Why did we fail in sustainable development
The “2030 Agenda for Sustainable Development” needs a coherent focus on governance and peace
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The Current Column (2015)
Bonn: German Development Institute / Deutsches Institut für Entwicklungspolitik (DIE) (The current column, October 12, 2015)
Bonn, October 12, 2015. At the end of September, the international community met in New York to discuss the new '2030 Agenda for Sustainable Development' and its goals (Sustainable Development Goals, SDGs) to discuss and decide. An important difference to the previous Millennium Development Goals (Millennium Development Goals, MDGs) is SDG 16, which emphasizes the importance of peace, good governance and inclusive institutions for sustainable development. This is a decisive step forward because the MDGs carefully and deliberately avoided these important issues.
The SDGs should be inspiring calls for action because they are part of a global agenda that all UN member states have agreed to. Unfortunately, the sub-goals of SDG 16 do not match this. In particular, they lack a convincing narrative and a clear logic that makes it clear how the core elements of the goal - peace and good governance - can be achieved. A certain degree of fuzziness in the formulation of SDG 16 was inevitable in order to reach a political consensus, but the mere listing of various aspects related to peace and good governance does not in itself produce a coherent strategy. In addition, peace and good governance are eminently political issues. Advances in these areas cannot be reduced to the technical level of institutional effectiveness and efficiency.
But strengthening a coherent narrative for SDG 16 is still possible. It is now a matter of designing the indicators against which the achievement of the goals is to be measured in the future in such a way that for all ten sub-goals, their connection with peace and good governance becomes clear. Some of the sub-goals of SDG 16 clearly relate to the two main themes: the rule of law, political freedoms, inclusive institutions and the reduction of corruption are governance issues, and the prevention of violence and the flow of arms are peace issues. However, other issues, such as the fight against organized crime, illegal financial flows or the provision of birth registration, rather implicitly point to a comprehensive failure to build functioning and inclusive public institutions. Without such institutions, however, sustained progress on the more specific targets will remain unattainable.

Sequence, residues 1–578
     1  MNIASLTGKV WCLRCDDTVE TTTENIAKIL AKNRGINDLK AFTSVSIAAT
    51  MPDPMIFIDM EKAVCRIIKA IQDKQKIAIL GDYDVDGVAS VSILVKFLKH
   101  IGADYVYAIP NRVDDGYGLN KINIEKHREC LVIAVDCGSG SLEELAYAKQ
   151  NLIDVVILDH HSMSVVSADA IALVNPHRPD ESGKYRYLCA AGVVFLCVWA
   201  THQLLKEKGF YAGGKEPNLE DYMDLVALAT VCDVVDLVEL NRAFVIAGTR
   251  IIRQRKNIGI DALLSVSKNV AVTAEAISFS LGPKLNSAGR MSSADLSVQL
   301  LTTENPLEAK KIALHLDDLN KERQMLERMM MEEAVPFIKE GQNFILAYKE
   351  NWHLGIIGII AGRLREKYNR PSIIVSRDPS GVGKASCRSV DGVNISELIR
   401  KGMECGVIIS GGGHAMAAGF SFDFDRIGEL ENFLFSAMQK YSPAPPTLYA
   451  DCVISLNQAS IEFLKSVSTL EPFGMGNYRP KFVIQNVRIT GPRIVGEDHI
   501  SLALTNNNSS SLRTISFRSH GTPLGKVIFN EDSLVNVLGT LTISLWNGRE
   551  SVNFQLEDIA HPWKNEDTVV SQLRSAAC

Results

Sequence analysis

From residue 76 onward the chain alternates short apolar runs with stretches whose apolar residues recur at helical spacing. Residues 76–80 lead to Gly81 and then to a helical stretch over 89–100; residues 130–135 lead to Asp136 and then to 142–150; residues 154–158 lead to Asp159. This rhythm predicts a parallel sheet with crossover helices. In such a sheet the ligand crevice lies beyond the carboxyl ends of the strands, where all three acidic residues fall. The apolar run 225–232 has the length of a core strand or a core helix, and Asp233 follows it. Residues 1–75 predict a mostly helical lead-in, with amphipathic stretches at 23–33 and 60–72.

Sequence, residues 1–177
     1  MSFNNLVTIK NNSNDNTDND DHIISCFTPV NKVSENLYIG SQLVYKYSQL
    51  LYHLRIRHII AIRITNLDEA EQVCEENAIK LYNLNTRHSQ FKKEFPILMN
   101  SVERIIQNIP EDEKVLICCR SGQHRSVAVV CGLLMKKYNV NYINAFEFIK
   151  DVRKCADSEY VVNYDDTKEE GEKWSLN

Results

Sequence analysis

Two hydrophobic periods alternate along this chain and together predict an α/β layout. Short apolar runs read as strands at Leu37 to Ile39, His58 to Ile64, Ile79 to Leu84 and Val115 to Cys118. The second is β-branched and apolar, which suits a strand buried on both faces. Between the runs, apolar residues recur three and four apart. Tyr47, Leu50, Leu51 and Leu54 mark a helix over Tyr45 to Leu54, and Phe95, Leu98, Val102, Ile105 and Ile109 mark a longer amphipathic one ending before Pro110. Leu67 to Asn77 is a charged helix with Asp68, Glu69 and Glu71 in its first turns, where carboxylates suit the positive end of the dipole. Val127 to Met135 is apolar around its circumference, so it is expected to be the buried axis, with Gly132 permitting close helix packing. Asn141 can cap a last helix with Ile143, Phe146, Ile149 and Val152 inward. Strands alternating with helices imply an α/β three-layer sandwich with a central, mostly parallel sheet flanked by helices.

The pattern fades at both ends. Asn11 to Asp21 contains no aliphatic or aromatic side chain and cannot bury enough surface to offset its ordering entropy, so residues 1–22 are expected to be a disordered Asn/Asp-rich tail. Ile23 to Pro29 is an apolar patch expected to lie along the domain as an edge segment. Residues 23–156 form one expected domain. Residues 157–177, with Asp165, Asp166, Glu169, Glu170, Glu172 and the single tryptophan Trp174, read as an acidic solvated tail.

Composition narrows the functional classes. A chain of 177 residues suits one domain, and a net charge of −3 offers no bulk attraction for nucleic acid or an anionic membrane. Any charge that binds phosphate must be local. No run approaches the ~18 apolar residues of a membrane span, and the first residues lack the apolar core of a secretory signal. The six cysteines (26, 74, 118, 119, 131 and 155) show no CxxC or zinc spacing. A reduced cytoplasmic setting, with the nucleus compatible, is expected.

Some of the SDG 16 targets also show either too much or too little ambition, which increases the risk that even well-intentioned efforts are doomed to failure from the start. Some are worded in such a way that it is practically impossible to get them Not to achieve, for example “promoting the rule of law” or “strengthening the relevant national institutions (...) to prevent violence”. Other sub-goals set the bar too high. For example, one sub-goal obliges the federal states to “ensure inclusive, participatory and representative decision-making at all levels”, while another calls for an end to all forms of violence against children. While all of this is of course highly desirable, hardly any country can claim to have achieved these goals.
In view of the openly formulated sub-goals, the selection and definition of the indicators will inevitably have a major impact on the actual focus of the efforts under SDG 16. Although many of the indicators currently being discussed represent a useful focus on the sub-goals, others run the risk that they represent only a side aspect of the actually intended sub-goal. Without a doubt, SDG 16 addresses issues that are generally difficult to measure. However, this must not lead to the neglect of important but more difficult to measure sub-goals in favor of more easily measurable ones.
SDG 16 is of paramount importance for the global '2030 Agenda for Sustainable Development'. Many countries have long hesitated to admit that poor governance fuels conflict and hinders development. However, the period from 2001–2015 clearly showed that fragile states, which are characterized by weak governance, had the greatest difficulties in achieving the MDGs. By including SDG 16, the 2030 Agenda now recognizes that global sustainable development is not possible without progress in the areas of good governance and peace. Indeed, SDG 16 is both an important goal in itself and an essential means of supporting the other goals. It is regrettable that the political sensitivity of the SDG 16 subject prevented the goal from being formulated in a concise, easily communicated and action-oriented manner. In order to achieve SDG 16, a coherent strategy is needed as to how politically highly sensitive issues for which there are no simple technical solutions can be tackled. Finding good solutions here will be the decisive challenge in the next few years so that SDG 16 can become the key to unlocking the potential of the 2030 agenda.
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